A15 Max Clock 1.7 GHz 1.6GHz 1.8GHz
A7 Max Clock - 1.2GHz 1.3GHz
GPU ARM Mali-T604 MP4 Imagination PowerVR SGX544MP3 ARM Mali-T628 MP6
Memory Interface 2 x 32-bit LPDDR3-1600 2 x 32-bit LPDDR3-1600 2 x 32-bit LPDDR3-1866
Process 32nm HK+MG 28nm HK+MG 28nm HK+MG(?)

For the GPU Samsung switches back to ARM, this time using the Mali-T628 GPU in a 6-core configuration. Mali-T628 is actually a second generation implementation of ARM's Midgard GPU architecture first demonstrated with the T604. The second generation brings higher IPC and higher clocks in the same physical area as the first-gen cores, the combination of the two results in up to a 50% increase in performance. The T604 was a four-core implementation, so we should see another 50% on top of that with the move to 6-cores in the 5420. A six-core configuration is a bit odd in that we've never seen one before, but the T628 is scalable from 4 - 8 cores so it's a valid config.

On the memory interface front the Exynos 5420 retains a dual-channel LPDDR3 interface (2 x 32-bit) with support for up to 1866MHz memory, resulting in peak theoretical memory bandwidth of 14.9GBps. 

The biggest question about the new Exynos 5420 is whether or not the cache coherency issues have been worked out. The solution remains a bit on the large side for most price sensitive tablets, but it could make for an interesting use case in a higher-end tablet. In smartphones I'm still not sold on the idea of having four Cortex A15s running at up to 1.8GHz. Although big.LITTLE is one answer to the problem of getting the best of both worlds (low power and high performance), Qualcomm seems to have a pretty good solution with its Krait 300/400 cores. If Samsung were to enable one of the more interesting big.LITTLE scheduling models in its products however (e.g. big.LITTLE MP, all cores visible at once, intelligent scheduling based on perf needs) I'd be more interested.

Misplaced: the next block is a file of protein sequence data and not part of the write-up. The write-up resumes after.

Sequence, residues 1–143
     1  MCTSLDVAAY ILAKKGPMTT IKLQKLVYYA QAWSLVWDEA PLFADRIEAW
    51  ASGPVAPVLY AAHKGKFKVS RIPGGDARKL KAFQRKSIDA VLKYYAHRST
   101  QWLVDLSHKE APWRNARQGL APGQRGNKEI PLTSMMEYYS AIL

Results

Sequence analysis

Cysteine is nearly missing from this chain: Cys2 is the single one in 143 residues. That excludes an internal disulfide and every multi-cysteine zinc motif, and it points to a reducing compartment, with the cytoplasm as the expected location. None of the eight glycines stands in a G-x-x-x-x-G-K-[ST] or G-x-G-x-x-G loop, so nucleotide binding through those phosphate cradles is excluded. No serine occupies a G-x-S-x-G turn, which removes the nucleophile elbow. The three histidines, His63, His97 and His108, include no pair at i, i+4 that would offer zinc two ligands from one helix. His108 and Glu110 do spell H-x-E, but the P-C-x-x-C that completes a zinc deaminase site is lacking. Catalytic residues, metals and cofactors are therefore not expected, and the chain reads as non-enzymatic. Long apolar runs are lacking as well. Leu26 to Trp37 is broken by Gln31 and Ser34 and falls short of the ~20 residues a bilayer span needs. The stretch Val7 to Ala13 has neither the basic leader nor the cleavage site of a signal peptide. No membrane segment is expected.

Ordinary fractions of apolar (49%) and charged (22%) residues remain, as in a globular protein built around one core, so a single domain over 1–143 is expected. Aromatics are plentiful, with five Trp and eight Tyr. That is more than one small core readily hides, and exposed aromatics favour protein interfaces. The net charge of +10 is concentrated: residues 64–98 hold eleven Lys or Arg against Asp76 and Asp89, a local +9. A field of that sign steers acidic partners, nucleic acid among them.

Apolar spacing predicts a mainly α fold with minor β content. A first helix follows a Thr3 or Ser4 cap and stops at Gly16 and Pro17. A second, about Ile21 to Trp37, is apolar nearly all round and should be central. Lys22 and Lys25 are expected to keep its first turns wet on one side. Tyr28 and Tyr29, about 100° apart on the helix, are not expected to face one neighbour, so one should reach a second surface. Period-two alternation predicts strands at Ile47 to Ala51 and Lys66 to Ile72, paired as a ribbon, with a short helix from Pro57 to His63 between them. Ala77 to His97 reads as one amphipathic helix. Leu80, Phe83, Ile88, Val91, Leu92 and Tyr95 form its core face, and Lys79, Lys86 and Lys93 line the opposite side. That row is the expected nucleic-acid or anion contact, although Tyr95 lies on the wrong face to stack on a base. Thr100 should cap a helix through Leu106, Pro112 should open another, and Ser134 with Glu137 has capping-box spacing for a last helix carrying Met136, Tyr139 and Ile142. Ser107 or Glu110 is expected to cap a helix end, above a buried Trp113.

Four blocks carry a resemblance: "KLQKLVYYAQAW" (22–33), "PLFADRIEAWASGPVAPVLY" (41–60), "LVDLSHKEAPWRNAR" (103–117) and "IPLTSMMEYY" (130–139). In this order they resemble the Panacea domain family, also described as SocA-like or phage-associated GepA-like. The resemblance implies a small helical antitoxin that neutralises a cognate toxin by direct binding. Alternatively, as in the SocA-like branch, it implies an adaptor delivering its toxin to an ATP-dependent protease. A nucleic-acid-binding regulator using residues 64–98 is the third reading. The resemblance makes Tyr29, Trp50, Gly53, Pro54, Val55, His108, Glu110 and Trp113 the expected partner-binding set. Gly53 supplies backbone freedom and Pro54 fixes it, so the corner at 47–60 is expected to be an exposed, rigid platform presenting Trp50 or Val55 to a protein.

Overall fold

Source: Samsung

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  • vcarvega - Thursday, July 25, 2013 - link

    I'm REALLY hoping for the Snapdragon 800 in the Nexus 10 refresh. But I guess we have just a few more months to find out either way.
  • spinportal - Monday, July 29, 2013 - link

    When can we see pound for pound CPU benchmarks of Nvidia Tegra 3 vs Tegra 4 vs Intel Atom Z2580 (Clovertrail+) vs. Atom Z2760 (Clovertrail) vs i5 4200U vs i5 4650 vs Qualcom APQ8974 (Krait 800) vs APQ8064T (Krait 600) vs APQ8064 (S4 Pro) vs AMD Jaguar Kibini & Temash A6-1450 (silicon 5/23) vs...
  • 0xF2 - Friday, October 11, 2013 - link

    from userland, how can one tell which of the two sets of cores is currently in use? And, is there a way to trigger the migration from the userland, other than manipulating load (perhaps CPUfreq, or something of the kind)?

    Best -OxF2
  • Wolfpup - Monday, July 20, 2015 - link

    I care very little for Android at all, but really can't care about tablets that won't be safe to use online after what, like 6 months? The state of Android is a disgrace. Hell, it took six months for my Nexus 7 to get updated, and it's a freaking Nexus!